my sister marilyn

     Most people thought that Marilyn was playing herself in roles like she had in Show Business, Monkey Business, or Gentlemen Prefer Blondes. Viewers based this opinion upon the seeming lack of skill that her roles required and upon the similarity between these characters and the public image she projected during the first half of her career.
     However, most of the roles that were given to Marilyn were the opposite of her personality. Marilyn was not a dumb blond. She was thoughtful and determined and a workaholic. She insisted on perfection from herself in her scenes. On the set, Marilyn was her own slave driver. Off the set, over her lifetime, she allowed herself very few vacations. She appeared where she had to appear at the request of the studio, but she was not a social butterfly and stayed too busy to do much dating. Although she left high school after the eleventh grade, and although there were gaps in her general knowledge, she had a good academic record and throughout her life was a voracious reader. Marilyn’s constant reading only seemed to earn her criticism and ridicule. The real Marilyn thought to be the phony one.
-My Sister Marilyn by Berniece Baker Miracle. 

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“…There was no missing her! She stood out immediately from all the rest of the passengers, so tall and pretty and fresh. We were excited to finally meet, and we couldn’t stop staring at each other. We had the same dark blond hair with a widow’s peak, the same mouth, but our eyes were different- mine are brown and Norma Jeane’s were blue like our mother’s. I was so happy to have a sister. And so proud.” - Berniece Miracle.

I remember waiting at the train station in Detroit for Marilyn to appear that first time - of course, then she was still Norma Jeane. We had been writing to each other over the years and had exchanged pictures, but we had never met face to face. She’d told me she’d be wearing a cobalt blue suit and a hat with a heart-shaped brim, but I worried that I wouldn’t reconigze her when she stepped off the train.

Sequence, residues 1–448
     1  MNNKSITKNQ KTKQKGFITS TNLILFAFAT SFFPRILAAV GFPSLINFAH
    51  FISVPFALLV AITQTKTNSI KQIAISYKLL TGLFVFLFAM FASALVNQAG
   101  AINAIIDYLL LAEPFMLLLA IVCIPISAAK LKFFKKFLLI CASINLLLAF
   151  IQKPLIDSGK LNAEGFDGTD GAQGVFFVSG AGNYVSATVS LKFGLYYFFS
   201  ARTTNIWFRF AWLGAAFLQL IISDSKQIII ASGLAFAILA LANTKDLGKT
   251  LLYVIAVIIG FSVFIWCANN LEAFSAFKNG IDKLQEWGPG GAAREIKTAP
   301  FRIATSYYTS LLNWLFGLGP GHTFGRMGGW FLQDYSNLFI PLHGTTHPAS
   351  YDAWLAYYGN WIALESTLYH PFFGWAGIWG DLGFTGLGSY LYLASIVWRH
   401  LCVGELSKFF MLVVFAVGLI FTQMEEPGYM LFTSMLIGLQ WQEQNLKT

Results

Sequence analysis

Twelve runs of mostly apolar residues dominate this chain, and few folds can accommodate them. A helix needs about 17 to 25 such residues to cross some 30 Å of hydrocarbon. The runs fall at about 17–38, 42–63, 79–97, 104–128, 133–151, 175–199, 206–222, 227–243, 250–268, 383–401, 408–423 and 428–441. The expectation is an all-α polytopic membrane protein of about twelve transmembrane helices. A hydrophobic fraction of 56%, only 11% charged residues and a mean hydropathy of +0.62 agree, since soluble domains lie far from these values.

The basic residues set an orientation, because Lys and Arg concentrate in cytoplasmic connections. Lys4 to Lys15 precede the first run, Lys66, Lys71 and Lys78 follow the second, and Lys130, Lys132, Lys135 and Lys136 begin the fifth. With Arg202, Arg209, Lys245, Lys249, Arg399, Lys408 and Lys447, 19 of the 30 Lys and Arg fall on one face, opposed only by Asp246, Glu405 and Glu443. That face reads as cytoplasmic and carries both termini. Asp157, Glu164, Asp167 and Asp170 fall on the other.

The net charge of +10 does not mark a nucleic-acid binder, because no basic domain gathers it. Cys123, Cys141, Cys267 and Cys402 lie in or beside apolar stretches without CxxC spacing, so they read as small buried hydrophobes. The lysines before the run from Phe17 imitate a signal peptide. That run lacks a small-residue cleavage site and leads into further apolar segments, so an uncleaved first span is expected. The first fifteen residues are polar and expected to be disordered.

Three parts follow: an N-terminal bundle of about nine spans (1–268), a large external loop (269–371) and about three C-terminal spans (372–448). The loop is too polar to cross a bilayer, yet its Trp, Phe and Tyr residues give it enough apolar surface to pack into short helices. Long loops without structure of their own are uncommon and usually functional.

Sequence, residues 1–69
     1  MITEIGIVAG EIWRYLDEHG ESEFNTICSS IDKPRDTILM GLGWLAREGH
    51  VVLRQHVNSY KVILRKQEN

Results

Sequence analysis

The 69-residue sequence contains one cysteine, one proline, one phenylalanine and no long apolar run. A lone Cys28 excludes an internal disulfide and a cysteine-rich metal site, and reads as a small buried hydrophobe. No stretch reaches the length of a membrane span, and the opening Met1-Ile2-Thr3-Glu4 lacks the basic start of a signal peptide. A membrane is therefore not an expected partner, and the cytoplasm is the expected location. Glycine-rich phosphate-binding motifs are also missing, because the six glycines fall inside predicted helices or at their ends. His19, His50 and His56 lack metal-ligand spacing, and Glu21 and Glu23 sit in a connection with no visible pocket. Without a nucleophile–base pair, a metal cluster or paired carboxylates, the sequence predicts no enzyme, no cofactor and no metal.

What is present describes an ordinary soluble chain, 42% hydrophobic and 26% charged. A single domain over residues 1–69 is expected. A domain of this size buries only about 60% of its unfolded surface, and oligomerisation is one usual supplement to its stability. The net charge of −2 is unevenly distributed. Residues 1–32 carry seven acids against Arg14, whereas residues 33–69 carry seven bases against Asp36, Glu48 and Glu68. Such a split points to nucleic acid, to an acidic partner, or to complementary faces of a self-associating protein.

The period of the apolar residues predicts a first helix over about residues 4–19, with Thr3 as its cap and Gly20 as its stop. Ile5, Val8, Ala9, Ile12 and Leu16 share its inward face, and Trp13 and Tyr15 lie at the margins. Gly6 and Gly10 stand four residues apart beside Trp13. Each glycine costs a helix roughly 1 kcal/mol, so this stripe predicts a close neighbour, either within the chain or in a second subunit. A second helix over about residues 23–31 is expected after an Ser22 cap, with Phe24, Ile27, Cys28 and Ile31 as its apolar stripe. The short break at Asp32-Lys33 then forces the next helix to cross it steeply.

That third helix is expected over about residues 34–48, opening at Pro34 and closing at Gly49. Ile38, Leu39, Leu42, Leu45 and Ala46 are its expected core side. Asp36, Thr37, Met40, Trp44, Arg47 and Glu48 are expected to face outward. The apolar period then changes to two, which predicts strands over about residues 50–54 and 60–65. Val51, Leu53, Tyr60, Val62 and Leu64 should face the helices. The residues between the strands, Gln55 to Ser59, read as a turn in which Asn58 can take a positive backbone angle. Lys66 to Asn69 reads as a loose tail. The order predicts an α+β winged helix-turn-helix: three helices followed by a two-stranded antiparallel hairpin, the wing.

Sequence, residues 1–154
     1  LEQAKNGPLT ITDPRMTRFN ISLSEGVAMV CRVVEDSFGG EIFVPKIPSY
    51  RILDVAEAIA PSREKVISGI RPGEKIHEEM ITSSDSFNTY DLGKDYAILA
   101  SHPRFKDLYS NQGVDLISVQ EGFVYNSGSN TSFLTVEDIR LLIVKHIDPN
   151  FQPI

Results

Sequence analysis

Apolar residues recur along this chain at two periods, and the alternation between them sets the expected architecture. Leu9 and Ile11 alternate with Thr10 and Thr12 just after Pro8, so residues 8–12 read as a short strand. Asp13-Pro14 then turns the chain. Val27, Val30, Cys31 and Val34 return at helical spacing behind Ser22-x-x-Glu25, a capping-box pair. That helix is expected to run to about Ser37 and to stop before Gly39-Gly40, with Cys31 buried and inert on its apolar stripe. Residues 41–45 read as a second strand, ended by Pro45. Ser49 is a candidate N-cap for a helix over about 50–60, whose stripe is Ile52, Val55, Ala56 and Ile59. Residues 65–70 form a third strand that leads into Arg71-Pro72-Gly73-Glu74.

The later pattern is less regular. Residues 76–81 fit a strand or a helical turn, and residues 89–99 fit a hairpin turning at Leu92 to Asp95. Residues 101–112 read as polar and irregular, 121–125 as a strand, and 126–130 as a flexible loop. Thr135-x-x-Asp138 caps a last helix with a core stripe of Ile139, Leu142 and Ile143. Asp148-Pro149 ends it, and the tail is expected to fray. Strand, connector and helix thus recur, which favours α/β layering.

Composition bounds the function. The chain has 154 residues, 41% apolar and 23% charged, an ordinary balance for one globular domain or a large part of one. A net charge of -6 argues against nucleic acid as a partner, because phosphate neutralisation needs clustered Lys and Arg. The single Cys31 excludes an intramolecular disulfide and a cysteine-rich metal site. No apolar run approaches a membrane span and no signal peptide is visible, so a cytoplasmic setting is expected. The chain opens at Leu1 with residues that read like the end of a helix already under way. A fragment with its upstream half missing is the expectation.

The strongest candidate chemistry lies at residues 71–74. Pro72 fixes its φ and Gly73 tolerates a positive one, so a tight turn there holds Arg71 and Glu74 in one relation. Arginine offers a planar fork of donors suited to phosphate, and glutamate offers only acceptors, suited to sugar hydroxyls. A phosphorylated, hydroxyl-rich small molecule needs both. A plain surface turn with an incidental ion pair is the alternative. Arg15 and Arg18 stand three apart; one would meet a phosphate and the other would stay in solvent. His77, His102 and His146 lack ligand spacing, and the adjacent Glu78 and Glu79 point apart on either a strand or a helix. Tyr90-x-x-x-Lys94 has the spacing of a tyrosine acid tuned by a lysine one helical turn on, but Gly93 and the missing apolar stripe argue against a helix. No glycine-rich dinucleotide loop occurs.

There was no missing her! She stood out immediately from all the rest of the passengers, so tall and pretty and fresh. We were excited to finally meet, and we couldn’t stop staring at each other. We had the same dark blond hair with a widow’s peak, the same mouth, but our eyes were different - mine are brown and Norma Jeanes’s were blue like our mother’s.
I was so happy to have a sister. And so proud.

But when I was growing up I didn’t even know if my mother was still alive. And I didn’t find out about Norma Jeane until she was twelve and I was nineteen. - Bernice Mircale (Half sister of Marilyn Monroe)



Thank you very much, but you should thank http://lovenormajeane.tumblr.com for the Mexico gifs since they are the ones that made it. And yep that’s the dress she was buried in, it’s been described as seafoam green, apple green and just plain green. Most of the photos of her in it are black and white so it’s a bit hard to tell. 

From ‘My Sister Marilyn’ by Berniece Baker Miracle and Mona Rae Miracle:

“She [Berniece] and Inez are here to choose something for Marilyn to wear in her coffin.
There are two closets to search through, one in Marilyn’s bedroom and another in the guest bedroom.
Berniece’s instinct tells her that colour, rather than white, will create the mood that Marilyn would have wished. She chooses an apple green sheath dress of nylon jersey. Berniece and Inez confer about Marilyn’s weight loss and the possible difficulties that may result from a clingy soft dress on a body in repose. They don’t know what might be avaible at the funeral home, so they rummage about, gathering much more than they need- half a dozen safety pins, a sheet, and several garments of various size and thickness-to be used in making the dress conform to Marilyn’s normal body shape.”

The next time I read that people believe that The Secret Life of Marilyn Monroe is accurate I will scream.

Read these books and then come back to me and tell me it’s accurate:


Marilyn Monroe The Biography by Donald Spoto

My Sister Marilyn by Bernice and Mona Rae Miracle

MM: Private and Undisclosed by Michelle Morgan

The Marilyn Encyclopedia by Adam Victor (looks at a lot of different viewpoints of each topic)

My Story (ghost written by Ben Hecht, released after her death)

Fragments

Marilyn; Her Life In Her Own Words by George Barris


Read this and you will see that there are so many flaws in its accuracy it may as well have been about someone else.

And Marilyn said in 1962 “Lies! Lies! Lies!”